All Things, All at Once

hello there, friend

When my husband and I planted that “For Sale” sign, we had no idea we would spend the next seven years waiting. We packed up knick knacks, freshened the paint, and kept our little yellow house as spotless as possible, certain that by this time next year, we would be building our forever home.

Four years later, after offers that fell through, months of hearing nothing at all, and years of making harder and harder decisions, we finally changed the sign to “Sold”. One last time, I washed dishes in our sink. Countless hours I had spent standing there, scouring glass after glass while watching my husband mow the backyard. Our actions said more about us than almost anything else: him, mowing back the grass each time it grew, predictable, unswerving, and me washing clean what would become dirty again, always planning for the next meal, the next step.

All things, all at once

It’s a song I listen to, often on repeat. The mood, the melody, the lyrics: they all remind me of the years of waiting. The years where I lived for the next day and the one after that, not the one I was in. I have spent years waiting for the next big thing to pass and for life to settle into normal.

In all of those years, I wished for so many things: to sell a house, to get that job, to have money enough for our dreams. But what I was really, really wishing for was to stop waiting. I wanted to stop all the doing, put aside the hustle, and to live in the moment.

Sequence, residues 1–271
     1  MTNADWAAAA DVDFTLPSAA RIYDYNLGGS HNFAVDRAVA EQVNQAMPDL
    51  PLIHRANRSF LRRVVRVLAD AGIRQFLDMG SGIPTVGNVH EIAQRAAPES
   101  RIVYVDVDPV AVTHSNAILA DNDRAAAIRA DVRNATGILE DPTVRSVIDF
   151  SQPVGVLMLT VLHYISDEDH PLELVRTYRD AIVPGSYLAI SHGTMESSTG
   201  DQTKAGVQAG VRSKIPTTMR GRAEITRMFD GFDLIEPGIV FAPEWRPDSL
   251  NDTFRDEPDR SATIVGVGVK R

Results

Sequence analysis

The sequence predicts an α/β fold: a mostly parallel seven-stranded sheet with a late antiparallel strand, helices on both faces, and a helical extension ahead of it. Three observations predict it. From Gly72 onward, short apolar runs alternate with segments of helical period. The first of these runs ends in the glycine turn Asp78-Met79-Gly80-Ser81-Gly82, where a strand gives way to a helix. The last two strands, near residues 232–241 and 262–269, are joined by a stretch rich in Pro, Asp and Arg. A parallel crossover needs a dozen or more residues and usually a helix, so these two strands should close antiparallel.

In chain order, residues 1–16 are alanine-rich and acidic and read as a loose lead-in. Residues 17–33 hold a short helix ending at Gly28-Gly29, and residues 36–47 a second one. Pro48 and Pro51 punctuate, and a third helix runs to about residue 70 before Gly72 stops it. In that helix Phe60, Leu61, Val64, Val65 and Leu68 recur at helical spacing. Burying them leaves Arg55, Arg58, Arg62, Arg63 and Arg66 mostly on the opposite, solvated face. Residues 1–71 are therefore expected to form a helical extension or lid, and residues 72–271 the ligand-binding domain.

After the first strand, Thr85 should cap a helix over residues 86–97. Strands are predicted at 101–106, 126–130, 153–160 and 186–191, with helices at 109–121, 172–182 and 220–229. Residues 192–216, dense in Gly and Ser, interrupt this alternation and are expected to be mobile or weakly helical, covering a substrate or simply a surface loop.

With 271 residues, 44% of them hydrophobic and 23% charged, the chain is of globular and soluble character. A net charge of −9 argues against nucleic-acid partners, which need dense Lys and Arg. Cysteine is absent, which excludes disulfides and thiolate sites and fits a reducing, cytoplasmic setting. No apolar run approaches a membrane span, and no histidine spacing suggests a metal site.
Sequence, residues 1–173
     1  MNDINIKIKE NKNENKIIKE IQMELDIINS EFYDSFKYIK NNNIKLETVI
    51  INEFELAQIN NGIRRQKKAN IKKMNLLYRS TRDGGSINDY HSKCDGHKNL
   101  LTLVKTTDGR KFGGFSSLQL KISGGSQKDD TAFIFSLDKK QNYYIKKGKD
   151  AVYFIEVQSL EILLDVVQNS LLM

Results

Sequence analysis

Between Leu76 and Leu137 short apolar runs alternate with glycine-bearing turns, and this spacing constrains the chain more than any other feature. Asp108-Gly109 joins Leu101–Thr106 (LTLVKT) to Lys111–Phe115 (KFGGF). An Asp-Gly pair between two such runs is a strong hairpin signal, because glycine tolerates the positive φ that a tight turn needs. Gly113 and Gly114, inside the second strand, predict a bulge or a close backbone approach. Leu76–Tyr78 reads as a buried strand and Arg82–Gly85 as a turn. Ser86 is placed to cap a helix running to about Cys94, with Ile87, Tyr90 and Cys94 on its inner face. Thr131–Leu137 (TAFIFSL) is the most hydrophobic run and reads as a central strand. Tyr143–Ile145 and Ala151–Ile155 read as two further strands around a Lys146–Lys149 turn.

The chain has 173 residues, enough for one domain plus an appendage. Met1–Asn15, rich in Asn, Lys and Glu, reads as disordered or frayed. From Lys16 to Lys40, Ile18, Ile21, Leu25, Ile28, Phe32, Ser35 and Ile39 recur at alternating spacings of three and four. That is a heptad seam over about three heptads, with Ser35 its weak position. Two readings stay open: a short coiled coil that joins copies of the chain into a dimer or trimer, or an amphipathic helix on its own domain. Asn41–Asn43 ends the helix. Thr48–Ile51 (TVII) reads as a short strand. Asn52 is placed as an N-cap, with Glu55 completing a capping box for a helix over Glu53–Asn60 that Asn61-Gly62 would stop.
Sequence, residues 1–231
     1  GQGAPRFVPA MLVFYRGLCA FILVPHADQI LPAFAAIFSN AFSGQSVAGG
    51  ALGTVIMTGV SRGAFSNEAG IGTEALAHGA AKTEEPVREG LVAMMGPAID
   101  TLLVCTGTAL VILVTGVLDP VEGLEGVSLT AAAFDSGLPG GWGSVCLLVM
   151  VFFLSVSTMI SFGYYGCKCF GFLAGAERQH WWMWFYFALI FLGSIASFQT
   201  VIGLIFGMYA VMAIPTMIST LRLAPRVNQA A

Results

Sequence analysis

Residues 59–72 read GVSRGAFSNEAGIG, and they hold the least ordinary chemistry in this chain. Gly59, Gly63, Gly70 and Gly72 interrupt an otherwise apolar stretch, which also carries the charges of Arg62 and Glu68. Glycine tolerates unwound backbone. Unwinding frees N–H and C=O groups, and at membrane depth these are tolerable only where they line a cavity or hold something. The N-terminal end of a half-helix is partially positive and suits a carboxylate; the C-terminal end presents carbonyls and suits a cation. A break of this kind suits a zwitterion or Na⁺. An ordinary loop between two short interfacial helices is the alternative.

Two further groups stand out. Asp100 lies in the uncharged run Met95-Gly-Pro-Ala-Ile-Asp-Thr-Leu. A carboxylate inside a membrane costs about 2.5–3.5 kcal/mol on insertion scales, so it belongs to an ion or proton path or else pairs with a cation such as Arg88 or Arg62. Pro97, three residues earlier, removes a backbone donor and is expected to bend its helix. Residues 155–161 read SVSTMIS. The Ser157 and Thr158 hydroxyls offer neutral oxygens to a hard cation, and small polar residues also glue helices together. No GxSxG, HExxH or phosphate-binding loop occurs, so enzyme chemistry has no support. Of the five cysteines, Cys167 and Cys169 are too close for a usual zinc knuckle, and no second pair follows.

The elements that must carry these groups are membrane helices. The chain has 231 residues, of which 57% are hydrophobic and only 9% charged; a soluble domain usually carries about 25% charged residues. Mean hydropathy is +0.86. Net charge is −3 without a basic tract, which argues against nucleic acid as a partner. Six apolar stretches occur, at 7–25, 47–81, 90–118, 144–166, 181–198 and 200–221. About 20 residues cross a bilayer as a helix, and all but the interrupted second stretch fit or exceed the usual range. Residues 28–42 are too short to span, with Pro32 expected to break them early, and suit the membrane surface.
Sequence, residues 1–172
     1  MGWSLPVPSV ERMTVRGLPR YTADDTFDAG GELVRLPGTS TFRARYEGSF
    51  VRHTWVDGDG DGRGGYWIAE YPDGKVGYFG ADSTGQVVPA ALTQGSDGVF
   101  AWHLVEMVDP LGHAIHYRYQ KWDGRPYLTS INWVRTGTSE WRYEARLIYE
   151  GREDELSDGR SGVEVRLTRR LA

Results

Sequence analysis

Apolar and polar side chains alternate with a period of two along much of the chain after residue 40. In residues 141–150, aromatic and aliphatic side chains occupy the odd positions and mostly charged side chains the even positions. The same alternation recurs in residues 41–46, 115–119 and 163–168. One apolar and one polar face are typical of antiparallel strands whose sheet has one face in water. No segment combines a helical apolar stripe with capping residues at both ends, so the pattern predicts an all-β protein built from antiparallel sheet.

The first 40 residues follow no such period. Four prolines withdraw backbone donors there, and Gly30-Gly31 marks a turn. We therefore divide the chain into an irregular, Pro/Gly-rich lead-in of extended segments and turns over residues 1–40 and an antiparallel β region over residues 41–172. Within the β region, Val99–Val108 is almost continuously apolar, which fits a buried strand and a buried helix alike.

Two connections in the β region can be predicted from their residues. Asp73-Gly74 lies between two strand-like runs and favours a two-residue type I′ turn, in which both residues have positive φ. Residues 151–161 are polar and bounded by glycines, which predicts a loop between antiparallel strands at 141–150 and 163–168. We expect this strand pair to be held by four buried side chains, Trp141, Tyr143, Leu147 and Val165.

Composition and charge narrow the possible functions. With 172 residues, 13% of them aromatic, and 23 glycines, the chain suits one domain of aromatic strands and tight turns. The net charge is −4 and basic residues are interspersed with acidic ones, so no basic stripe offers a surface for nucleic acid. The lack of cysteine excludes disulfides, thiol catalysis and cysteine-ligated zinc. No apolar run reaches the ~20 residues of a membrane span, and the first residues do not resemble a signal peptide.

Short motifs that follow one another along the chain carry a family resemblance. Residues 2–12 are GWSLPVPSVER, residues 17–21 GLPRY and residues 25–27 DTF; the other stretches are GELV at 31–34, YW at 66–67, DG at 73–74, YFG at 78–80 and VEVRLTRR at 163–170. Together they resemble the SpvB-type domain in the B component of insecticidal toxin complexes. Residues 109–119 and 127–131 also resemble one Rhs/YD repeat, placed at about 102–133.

The time we spent in an apartment between houses felt like an interlude — the “oooh’s” of a song between the verses, a long pause before pressing forward. My husband and I lived skeleton lives while we found ourselves waiting, again, for the next big thing. We hung photos to get them out of the way, not to make the place feel like home. I washed dishes in a sink that was too shallow, listening to neighbors marching above us.

We sat at our dining room table in that in-between apartment, scratching plans onto paper and erasing them again, sifting through possibilities. We were going to build our forever home. What size should this room be? If we move this here, where will that put the stairs? We spent many Friday nights with glasses of wine and a stack of design books nearby, inching ever closer to the future we had mapped out in our head, forgetting the present right in front of us.

It’s not one thing or the other
It’s all things all at once

Our lease was up and we couldn’t commit to another year, but needed a place to stay while we built that house we had planned out on paper. Friends of a friend, more generous than we could imagine, offered an apartment in one of their outbuildings. It had four walls, a bathroom, and not much else. But it would do for three months, maybe five. We could cram one marriage, two people, and three jobs into six hundred square feet, no problem. Another temporary stop on our journey to end the waiting.

One lengthy fight over a driveway permit later, we broke ground on our new house. We could see the end of our wait in the distance, but it was a distance measured in construction timelines that shifted almost daily. In the outbuilding, I washed dishes in a sink not meant for a kitchen, all the while repeating “this is temporary.” I was ready for the wait to be over.

It’s not one thing or the other
It’s all things all at once